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'The world needs to know what France is up to'

Ben McPartland · 10 Dec 2013, 12:36

Published: 10 Dec 2013 12:36 GMT+01:00

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A new bill will be discussed in France’s Senate on Tuesday, containing an article that defenders of internet freedoms say should have everyone alarmed.

The Military Programming Law, already voted through by France's National Assembly, would extend the government’s power to acquire internet users’ private data, as well as monitor email and telephone communications, without the need to be ratified in advance by a judge.

The article has belatedly sparked outrage among internet giants such as a Google and AOL as well as online rights activists, who only found out about its existence at the 11th hour.

Jérémie Zimmermann, one of the founders of French digital rights group La Quadrature du Net tells the Local why we should all be worried by this law.

Jérémie Zimmerman. Photo: Le Vinvinteur/Youtube

This is an extremely disturbing development that, without doubt, affects all of us. You cannot have democracy with this kind of surveillance and without individual privacy.

This provides the legal framework for massive violations of our privacy.

The fact that this is being put through in the wake of the Snowden revelations makes it even more shocking. Publically, France is saying it is shocked and angered by NSA’s spying on French, but behind the scenes the reaction has been to increase its own surveillance.

It appears the actions of the US have given the French government a sense of legitimacy in carrying out the same level of surveillance. Perhaps they just want to legalize what they're already doing.

This article [of the bill] has been sneaked through by the French government. It's being rushed through before the end of the year and now only the government can  withdraw it.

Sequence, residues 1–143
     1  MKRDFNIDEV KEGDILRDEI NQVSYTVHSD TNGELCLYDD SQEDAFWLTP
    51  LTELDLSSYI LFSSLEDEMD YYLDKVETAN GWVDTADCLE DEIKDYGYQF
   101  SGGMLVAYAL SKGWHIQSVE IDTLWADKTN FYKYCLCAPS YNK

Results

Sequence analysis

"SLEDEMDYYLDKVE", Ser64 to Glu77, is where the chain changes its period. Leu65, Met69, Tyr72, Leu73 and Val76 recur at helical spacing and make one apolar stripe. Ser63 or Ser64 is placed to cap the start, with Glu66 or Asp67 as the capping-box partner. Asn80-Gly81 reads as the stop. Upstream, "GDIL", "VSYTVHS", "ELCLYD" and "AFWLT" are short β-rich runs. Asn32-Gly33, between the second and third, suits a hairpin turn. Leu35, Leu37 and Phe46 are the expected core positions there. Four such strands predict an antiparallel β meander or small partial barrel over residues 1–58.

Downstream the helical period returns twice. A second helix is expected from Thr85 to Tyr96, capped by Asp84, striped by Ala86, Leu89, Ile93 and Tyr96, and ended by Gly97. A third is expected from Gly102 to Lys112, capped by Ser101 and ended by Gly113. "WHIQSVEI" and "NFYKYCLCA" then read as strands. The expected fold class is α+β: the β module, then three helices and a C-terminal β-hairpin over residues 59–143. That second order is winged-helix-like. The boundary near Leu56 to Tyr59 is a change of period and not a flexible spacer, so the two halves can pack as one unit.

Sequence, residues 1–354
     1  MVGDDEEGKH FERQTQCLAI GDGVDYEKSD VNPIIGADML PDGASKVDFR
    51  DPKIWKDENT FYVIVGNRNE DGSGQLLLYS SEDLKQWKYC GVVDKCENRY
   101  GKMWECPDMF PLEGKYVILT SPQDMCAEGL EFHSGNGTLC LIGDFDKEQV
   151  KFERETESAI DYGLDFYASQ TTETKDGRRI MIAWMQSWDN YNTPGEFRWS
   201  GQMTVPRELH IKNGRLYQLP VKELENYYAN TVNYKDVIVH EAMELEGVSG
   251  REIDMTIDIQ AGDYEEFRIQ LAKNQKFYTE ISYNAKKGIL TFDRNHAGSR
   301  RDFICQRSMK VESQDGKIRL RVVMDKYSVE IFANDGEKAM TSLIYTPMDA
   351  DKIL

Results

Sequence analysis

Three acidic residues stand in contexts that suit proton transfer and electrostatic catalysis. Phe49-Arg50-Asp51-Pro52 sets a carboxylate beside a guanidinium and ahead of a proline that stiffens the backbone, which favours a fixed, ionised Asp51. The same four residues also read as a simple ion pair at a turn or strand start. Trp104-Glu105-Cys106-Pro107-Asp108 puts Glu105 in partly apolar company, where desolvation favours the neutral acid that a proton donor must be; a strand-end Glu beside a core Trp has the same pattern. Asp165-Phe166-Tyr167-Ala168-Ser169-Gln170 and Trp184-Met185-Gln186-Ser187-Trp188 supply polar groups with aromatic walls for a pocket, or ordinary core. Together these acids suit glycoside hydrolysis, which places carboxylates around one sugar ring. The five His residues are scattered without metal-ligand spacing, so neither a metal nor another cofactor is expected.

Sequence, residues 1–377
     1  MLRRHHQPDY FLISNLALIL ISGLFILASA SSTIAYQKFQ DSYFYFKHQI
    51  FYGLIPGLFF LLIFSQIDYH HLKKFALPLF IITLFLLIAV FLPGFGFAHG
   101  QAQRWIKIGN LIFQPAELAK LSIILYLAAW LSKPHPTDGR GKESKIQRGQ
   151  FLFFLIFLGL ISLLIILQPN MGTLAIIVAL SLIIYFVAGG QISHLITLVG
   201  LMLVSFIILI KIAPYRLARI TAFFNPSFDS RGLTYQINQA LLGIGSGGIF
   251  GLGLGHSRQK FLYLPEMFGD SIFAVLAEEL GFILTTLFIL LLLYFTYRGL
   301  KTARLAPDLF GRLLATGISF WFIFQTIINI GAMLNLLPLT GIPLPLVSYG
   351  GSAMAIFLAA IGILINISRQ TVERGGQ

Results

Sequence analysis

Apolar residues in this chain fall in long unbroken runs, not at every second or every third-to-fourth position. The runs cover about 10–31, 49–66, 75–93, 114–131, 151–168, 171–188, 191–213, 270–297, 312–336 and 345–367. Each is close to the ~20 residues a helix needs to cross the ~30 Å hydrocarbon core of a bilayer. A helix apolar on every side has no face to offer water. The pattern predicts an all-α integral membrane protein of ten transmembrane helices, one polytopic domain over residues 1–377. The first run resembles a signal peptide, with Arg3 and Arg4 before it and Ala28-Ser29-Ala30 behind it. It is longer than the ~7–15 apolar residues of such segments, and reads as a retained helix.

We saw it late, and even France’s national authority for protecting internet freedoms didn't discover it until late on.

The article in question will massively extend the state’s domestic surveillance capabilities.

Sweeping surveillance powers, vague justifications

It’s the type of measure you would expect from a totalitarian state. Authorities will be able to spy on people’s communications without judicial permission being granted and without any real motive.

Such surveillance requests could be issued by a wide variety of departments, including the Ministries of Internal Security and Defense, but also the Ministry of Economy and Finance.

The inclusion of such departments exceeds what is required to meet the stated aim of protecting the citizen against incidents of an exceptional seriousness.

Data collection will not only be done directly by companies providing Internet access (ISPs and telecommunication operators) but also via web-hosting operators and online service providers.

The proposed bill permits these government departments to authorize live surveillance of all citizens with the sole stated aim of “preventing […] crime,” or the particularly vague “safeguard of essential components of the scientific and economic potential of France”.

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They could use this to spy on protesters who are opposed to certain laws, as well as their friends, families, colleagues, and so on. They will be able to collect this data in real time. It’s extremely disturbing.

New bill must be withdrawn, then debated

We need a moratorium now. We need to put all these practices on the table and have a debate that will bring back a bit of legitimacy to politicians who are backing this widespread surveillance.

The government needs to withdraw this right now.

We are trying to quickly raise awareness about it and get people talking about it both inside and outside France. The rest of the world needs to know it is completely unacceptable and the French government must be held accountable.

A vague reference to the needs of security agencies does not justify such serious infringements on our basic liberties.

Ben McPartland (ben.mcpartland@thelocal.com)

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